The way to end hunger here in one of the most affluent counties in the Garden State is to guarantee “A Place at the Table for Everyone,” according to the theme for the 37th annual edition of the Red Bank CROP Hunger Walk, the all-welcome, recreational fundraiser for community food drive efforts that returns to local streets and thoroughfares this Sunday.
Former NFL quarterbacks Boomer Esiason (second from left) and Phil Simms (right) teamed up with Garmany owner Johnell Garmany (left) and comedian Joe Piscopo to raise nearly $90,000 for cystic fibrosis research at a fundraiser held at Garmany’s Red Bank clothing store September 8.
Pounding pavement from a starting point at the campus of Red Bank Regional High School the Little Silver 5K takes to the borough streets for a 24th annual edition that promises fun for all ages, plus a set of cash prizes for serious adult competitors.
“Follow the money,” said the shadowy figure known as Deep Throat to reporter Bob Woodward (Robert Redford), in the fact-based thriller All the President’s Men.
Many years later, the informant who helped break open the Watergate investigation was revealed to be former FBI associate director W. Mark Felt,subject of a new bio-drama that stars Liam Neeson and screens in a special sneak-preview showing this Thursday at Red Bank’s Bow Tie Cinemas.
Hundreds of Little Silver students, teachers and family members teamed up recently to “play ball” for a great cause, when they hosted a charity softball game in support of a borough child’s battle with serious illness.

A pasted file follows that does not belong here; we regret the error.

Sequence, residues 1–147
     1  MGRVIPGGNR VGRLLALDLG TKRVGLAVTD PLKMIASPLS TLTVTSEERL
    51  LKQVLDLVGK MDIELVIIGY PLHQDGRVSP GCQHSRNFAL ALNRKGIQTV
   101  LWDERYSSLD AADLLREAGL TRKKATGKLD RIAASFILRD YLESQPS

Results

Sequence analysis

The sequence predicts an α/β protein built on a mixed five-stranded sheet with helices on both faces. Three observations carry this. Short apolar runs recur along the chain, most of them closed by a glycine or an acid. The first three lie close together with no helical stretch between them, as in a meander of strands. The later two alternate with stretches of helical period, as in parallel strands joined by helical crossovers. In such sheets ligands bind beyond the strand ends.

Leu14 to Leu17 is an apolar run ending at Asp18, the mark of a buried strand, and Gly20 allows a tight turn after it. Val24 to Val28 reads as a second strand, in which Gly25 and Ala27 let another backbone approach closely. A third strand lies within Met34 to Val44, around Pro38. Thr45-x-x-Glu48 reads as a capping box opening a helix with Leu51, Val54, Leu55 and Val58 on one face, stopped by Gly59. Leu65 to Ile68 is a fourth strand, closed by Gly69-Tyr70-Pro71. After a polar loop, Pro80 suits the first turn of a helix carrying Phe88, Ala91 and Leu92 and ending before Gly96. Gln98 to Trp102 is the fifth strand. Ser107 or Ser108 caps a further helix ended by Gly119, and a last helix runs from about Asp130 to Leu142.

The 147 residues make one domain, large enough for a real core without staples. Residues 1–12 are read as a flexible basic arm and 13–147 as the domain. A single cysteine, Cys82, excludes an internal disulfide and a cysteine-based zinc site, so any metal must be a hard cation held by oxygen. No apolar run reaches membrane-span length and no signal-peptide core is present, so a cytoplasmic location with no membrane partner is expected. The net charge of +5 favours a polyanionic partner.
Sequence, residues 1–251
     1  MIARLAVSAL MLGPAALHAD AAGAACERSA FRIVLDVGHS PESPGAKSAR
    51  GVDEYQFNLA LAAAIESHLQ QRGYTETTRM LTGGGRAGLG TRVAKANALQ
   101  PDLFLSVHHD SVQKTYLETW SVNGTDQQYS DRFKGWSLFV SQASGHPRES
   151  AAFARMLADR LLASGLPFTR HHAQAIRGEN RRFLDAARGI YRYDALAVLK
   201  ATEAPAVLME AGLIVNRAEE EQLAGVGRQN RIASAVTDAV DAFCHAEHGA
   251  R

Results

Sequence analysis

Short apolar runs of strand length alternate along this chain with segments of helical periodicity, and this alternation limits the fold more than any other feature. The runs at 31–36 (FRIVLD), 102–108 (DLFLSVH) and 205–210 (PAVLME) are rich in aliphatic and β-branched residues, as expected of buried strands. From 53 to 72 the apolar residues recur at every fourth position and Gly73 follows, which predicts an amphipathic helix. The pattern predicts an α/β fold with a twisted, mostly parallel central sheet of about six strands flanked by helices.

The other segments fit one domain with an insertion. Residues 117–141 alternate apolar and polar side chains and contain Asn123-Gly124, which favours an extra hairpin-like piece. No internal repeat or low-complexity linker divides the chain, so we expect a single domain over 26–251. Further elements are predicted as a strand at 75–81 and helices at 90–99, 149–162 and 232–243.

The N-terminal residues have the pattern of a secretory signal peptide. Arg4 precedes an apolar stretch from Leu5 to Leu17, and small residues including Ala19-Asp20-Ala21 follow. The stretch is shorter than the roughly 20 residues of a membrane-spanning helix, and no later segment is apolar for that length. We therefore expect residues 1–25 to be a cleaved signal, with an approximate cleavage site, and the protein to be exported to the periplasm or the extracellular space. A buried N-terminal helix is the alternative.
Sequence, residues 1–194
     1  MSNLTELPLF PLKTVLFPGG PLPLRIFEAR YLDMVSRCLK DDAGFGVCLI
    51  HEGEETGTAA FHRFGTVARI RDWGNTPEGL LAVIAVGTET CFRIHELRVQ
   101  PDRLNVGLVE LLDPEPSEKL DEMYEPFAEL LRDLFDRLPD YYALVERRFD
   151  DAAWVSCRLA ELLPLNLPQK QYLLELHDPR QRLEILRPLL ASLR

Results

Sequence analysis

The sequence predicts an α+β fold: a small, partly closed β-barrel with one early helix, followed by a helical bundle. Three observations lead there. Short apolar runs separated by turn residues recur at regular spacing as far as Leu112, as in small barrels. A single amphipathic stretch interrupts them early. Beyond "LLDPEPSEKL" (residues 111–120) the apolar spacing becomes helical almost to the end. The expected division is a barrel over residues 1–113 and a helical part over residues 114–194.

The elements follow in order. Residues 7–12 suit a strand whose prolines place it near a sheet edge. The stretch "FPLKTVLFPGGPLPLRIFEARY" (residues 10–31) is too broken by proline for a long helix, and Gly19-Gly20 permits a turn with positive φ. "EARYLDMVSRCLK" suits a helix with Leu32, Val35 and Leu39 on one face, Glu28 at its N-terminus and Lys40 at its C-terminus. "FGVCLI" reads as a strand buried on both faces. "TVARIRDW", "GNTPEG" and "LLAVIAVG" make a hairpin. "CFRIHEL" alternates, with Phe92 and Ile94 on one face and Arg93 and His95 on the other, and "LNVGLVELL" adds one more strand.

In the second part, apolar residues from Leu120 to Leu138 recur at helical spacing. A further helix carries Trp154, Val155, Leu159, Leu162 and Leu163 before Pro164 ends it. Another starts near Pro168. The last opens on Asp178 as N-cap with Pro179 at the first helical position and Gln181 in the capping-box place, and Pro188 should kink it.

On Saturday, September 16, the Little Silver community came together to support one of their own, as hundreds of borough students and their families took part in a special “Hits For Lily” fundraiser softball tournament.
The event raised tens of thousands of dollars toward the medical expenses of Lily Ince, as the two year old battles high risk neuroblastoma. Lily is the daughter of Lindsey Ince, who grew up in Little Silver and now teaches second grade at the borough’s Point Road School.
While efforts are underway to restore oyster populations in the local waterways that once boasted them in abundance, Red Bank celebrates the opening of oyster season by, well, opening a few thousand oysters — not to mention a beverage or two.
When the first sunrise of autumn 2017 lights up the panoramic Navesink River environs this Saturday morning 23, mens’ and womens’ varsity rowing crews from five top schools will compete for the coveted Governor’s and Mayor’s Cups — and help raise funds for hometown athletes — during the Rumson Boat Race.
From the neighbor’s house to the White House, there’s no denying that big rig trucks, emergency equipment and other heavy-duty machines hold a special appeal for kids of all ages — and when the opportunity presents itself to climb into the driver’s seat, it’s a rare treat indeed.
Ask the staff of Red Bank’s Monmouth Day Care Center and they’ll surely agree that the safely supervised combination of kids and trucks is a winning formula — and when the Touch-a-Truck event returns to the parking lot of Red Bank Middle School this Saturday morning, it will mark the eighth annual appearance of a successful FUNraising vehicle that’s well worth waiting for.
The Clearwater Festival is a “party with a purpose,” in the words of Ben Forest, environmental policy/coalitions liaison for the Red Bank-based nonprofit New Jersey Friends of Clearwater. And when the purpose is the care of the coast that’s our home, the mission remains the main attraction of the environmental awareness fair, which returns to Brookdale Community College for its 42nd annual edition this Saturday and Sunday.